Funny Dogs Speak Their Minds

Out of the Mouths of Babes Dogs

Funny? Yes.

And beautifully designed.

But Things Your Dog Doesn’t Want You to Know: Eleven Courageous Canines Tell All surprised me with its cleverness and its thoughtful encouragement to look at life from a dog’s point of view.

Things Your Dog Doesn't Want You to KnowWriters, Hy Conrad and Jeff Johnson, developed biographies and characters for eleven “courageous canines” who share their doggy secrets to the world. Dean Stefanides, Art Director, created a visual style for each dog that completed their characters.

We meet Tinkerbell, the spoiled chihuahua who yearns for the wild life, as long as it includes fizzy water running in cool streams. Moonbeam, rescued from the floodwaters of Katrina, wants her new-age people to know she’s a carnivore. Sarge is the working German Shepherd who finds himself a victim of circumstances beyond his control—sort of like The Dude from The Big Lebowski but with more hair and a tail. And Dimples has good advice for raising puppies, if only her humans didn’t think they knew better.

My favorite dog, and the funniest, was Axelrod the Lab.

Want to know why Axelrod ate the sofa? His explanation made perfect sense to me.

But Axelrod, portrayed as a lovable lunk, is by no means dumb (he graduated first in his obedience class three times). And the underlying messages in each of these stories is what makes Things Your Dog Doesn’t Want You to Know a more engaging read than most cute dog gift books.

Laughing and Learning From the Dog

I don’t think electronic dog fences are a smart idea. I doubt I’ll convince anyone to my viewpoint who’s already considering one.  But Axelrod’s story of taunting the neighbor dog behind the electric fence was funny. And a fabulous story of a major downside of the product.

And Moonbeam’s description of the ridiculousness of her humans trying to be pack leaders based on what they read in a book, was a riot. If Moonbeam’s mommies ever read this book, they’re going to feel awfully silly.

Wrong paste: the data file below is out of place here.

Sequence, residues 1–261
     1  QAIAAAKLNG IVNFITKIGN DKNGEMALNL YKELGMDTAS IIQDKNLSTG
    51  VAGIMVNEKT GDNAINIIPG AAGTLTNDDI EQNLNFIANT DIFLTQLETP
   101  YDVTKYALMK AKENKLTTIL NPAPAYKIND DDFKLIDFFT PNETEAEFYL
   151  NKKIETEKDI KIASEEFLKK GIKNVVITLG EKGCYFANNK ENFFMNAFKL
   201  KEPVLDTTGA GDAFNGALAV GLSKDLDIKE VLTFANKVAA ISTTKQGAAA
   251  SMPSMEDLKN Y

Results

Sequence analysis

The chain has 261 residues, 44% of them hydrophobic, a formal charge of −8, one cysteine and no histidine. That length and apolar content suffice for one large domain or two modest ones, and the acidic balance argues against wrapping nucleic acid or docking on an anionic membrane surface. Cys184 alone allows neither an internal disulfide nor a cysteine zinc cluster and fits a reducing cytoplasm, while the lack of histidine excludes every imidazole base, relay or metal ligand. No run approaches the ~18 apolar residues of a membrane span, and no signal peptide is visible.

And once again, Axelrod does a better job explaining the limitations of dogs understanding English than any book by a behaviorist I’ve ever read.

“Don’t Run Off” and “Come Back Here” – It’s like “walk” without the leash. I think the technical meaning is “go ahead and explore.”

The “thinking dog person” will find plenty to ponder here, in between smirks, giggles, and grins. But if you’re just looking for a good time, don’t worry about your head exploding from pondering ethical dilemmas.

It’s Just a Joke, Folks

Some other blog reviewers on this virtual book tour felt uncomfortable with the unplanned pregnancies that appear in this book. They felt the authors didn’t take a strong enough stand to promote spay and neuter.

Hy Conrad and Jeff Johnson

Authors Hy Conrad and Jeff Johnson

Author Jeff Johnson is a board member of the Florida Keys SPCA. It seems unlikely that he’s insensitive to the importance of promoting spay and neuter. If anything, the story of Rufus T. meeting the bitch scheduled to mate with Burnside the show dog showed the responsibility people are taking on when they choose not to “fix” their animals.

Humor takes liberties. And this book is no exception. A drug-sniffing dog who likes to sample a little weed is funny, even if you know that in the real world cannabis is dangerous to canines. And dogs digging out of their yards and having adventures is only funny in a book, not when you’re driving around shouting your dog’s name and worried sick he’s gotten hit by a car or been stolen.

But life’s too short to miss out on a joke. I enjoyed spending time with these dogs. And I felt the underlying message that dogs have a viewpoint different from ours that’s worth trying to understand might be the single most important thing any dog person can learn.

Thank you, Hy and Jeff, for packaging this lesson in such a fun form.